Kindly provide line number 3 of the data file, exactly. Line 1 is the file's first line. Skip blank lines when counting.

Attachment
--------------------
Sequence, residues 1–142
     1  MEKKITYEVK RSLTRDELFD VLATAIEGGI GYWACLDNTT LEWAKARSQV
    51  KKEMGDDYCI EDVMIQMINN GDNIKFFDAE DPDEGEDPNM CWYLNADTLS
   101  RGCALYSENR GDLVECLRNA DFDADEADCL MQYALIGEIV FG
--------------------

    51  KKEMGDDYCI EDVMIQMINN GDNIKFFDAE DPDEGEDPNM CWYLNADTLS